Kyle Larson’s third victory in the Sunday’s NASCAR All-Star Race was a case of absolute dominance.
It was also a case study in strategy at revitalized North Wilkesboro Speedway, with the eventual winning move made on Lap 18 of 200.
That’s when Larson’s crew chief, Cliff Daniels called his driver to the pits under caution for a fresh set of tires. Even though Larson incurred a speeding penalty exiting pit road and restarted from the rear, he charged through the field on new rubber and took the lead from Daniel Suarez on Lap 55.
From that point on, it was game over.
Having won previous All-Star Races at Charlotte and Texas, Larson is the only driver to win the $1-million top prize at three different venues. Larson is tied with Dale Earnhardt and Jeff Gordon for second most victories in the exhibition event, one behind Jimmie Johnson’s four triumphs.
Not only that. The win gave Larson a sweep of NASCAR events at the reborn .625-mile short track. On Saturday he won the CRAFTSMAN Truck Series race in NASCAR’s return to North Wilkesboro for the first time since 1996.
“I can’t even tell you what it means,” Larson said. “This is my third All-Star win and my third different track. In a historical place like that, you guys and the crowd made this weekend so awesome. We could feel the atmosphere all weekend.
“So much fun there. That was an old-school ass whipping, for sure. We had a great car on the long run there and was just thinking for sure there was going to be a caution. I got out to a big lead, and I could see everybody’s cars were driving like crap in front of me, but I cannot thank this 5 team enough.
“We were God awful all weekend. Practice I was like the worst on 30-lap average, went backwards in a heat race yesterday. We obviously had some strategy work out there in the beginning, but we drove from dead last to the lead and checked out by 12 or 13 seconds (before the competition caution at Lap 101). Then I just could pace myself there that last run.”
Once Larson grabbed the top spot, he held it the rest of the way, except for one lap under the competition caution led by Suarez. In a race that saw three lead changes among two drivers, Larson led 145 laps to Suarez’s 55.
Comfortably in front after a restart on Lap 111, Larson crossed the finish line 4.537 seconds ahead of runner-up Bubba Wallace, who duplicated Larson’s Lap 18 pit stop strategy but couldn’t match the speed of the No. 5 Hendrick Motorsports Chevrolet.
“No, just his capability throughout the whole run, he could attack hard and then have something there at the end,” Wallace said of Larson’s superior performance. “If this was any other race, I’d be excited, but for a million dollars to come up short and walk home with nothing…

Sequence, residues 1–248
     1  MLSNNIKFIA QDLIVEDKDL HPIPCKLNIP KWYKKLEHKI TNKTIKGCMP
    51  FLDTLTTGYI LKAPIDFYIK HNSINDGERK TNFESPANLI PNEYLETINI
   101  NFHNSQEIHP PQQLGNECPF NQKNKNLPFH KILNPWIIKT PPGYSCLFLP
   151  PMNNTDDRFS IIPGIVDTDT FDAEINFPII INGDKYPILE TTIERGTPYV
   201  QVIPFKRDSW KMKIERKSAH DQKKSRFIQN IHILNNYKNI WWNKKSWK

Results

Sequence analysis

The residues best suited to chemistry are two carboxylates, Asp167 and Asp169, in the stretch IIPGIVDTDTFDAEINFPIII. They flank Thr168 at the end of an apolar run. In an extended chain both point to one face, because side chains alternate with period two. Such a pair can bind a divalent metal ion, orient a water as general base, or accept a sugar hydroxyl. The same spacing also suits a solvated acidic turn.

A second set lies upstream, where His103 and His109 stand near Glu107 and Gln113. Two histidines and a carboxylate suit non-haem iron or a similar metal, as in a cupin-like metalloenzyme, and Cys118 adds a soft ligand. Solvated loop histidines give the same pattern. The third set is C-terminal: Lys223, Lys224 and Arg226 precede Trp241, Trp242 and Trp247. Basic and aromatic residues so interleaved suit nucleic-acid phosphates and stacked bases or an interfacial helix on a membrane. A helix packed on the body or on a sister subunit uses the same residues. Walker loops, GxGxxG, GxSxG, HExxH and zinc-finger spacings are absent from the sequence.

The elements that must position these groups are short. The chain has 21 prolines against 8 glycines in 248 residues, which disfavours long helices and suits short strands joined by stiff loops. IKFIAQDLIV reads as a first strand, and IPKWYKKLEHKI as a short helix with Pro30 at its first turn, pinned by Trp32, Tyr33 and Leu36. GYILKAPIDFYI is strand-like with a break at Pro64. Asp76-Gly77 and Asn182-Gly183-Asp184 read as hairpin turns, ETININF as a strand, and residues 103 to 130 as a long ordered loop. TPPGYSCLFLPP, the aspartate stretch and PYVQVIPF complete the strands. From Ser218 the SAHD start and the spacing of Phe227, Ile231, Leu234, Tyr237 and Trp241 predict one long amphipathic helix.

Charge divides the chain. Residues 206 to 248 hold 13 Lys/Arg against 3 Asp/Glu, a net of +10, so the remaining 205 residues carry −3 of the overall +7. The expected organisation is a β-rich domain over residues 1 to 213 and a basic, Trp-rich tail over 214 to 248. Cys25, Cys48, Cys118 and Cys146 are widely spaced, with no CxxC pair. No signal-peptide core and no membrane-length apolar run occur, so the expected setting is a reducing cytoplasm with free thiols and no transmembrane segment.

“Tail tucked between our legs, but all in all, just continuing to ride the momentum train… Just have to keep it going. Now we show back up to home turf (for next Sunday’s Coca-Cola 600 at Charlotte Motor Speedway) and really got to keep the momentum going there and get ourselves deeper into the Playoffs.
“Excited to be where we’re at right now. Just came up one spot short.”
Tyler Reddick finished third, followed by Chase Briscoe and Chase Elliott. Ryan Blaney, Suarez, Erik Jones, Ty Gibbs and Joey Logano completed the top 10.
In an emotionally charged NASCAR All-Star Open, Josh Berry and Ty Gibbs transferred into the main event, but in Gibbs’ case, not without bruising Michael McDowell’s feelings.
Subbing for injured Alex Bowman, Berry beat Gibbs to the finish line in the 100-lap event by .571 seconds, as the top two drivers advanced (along with Fan Vote winner Noah Gragson). But Berry likely would not have held the lead were it not for McDowell.
On Lap 50, contact from Gibbs’ Toyota turned McDowell’s Ford into the Chevrolet of Justin Haley after McDowell had gained positions on the restart following a competition caution. On Lap 78 McDowell got even. As Gibbs attempted to lap the Front Row Motorsports driver, McDowell squeezed the No. 54 Toyota into the inside wall.
The contact broke Gibbs’ momentum and allowed Berry to pass for the lead, which the driver of the No. 48 Hendrick Motorsports Chevrolet held the rest of the way.
“I kind of understand (McDowell’s) frustration,” Gibbs said, “but at Martinsville, we were running 18th, and they clobbered us and wrecked us, so I think it’s honestly fair game.”
McDowell believes Gibbs has some lessons to learn.
“It’s short-track racing to try to get into the All-Star Race, so somebody’s going to leave with hurt feelings—I guess it’s me,” McDowell said. “I got a great restart there, kind of worked the outside, got a couple of guys and was able to get down, and Ty just plowed into me, just knocked me into the 31 (Haley) and spun us both out…
“All that stuff comes around, man. You can get away with it a few times, but it comes around. I don’t have the budget for the fine. Otherwise, I would not be standing here. I’d be standing down there (confronting Gibbs on pit road).”
Unable to get to Gibbs’ bumper in the closing laps, Aric Almirola finished third in the Open. Ryan Preece was fourth, followed by AJ Allmendinger, J.J. Yeley and Gragson.
— NASCAR Wire Service —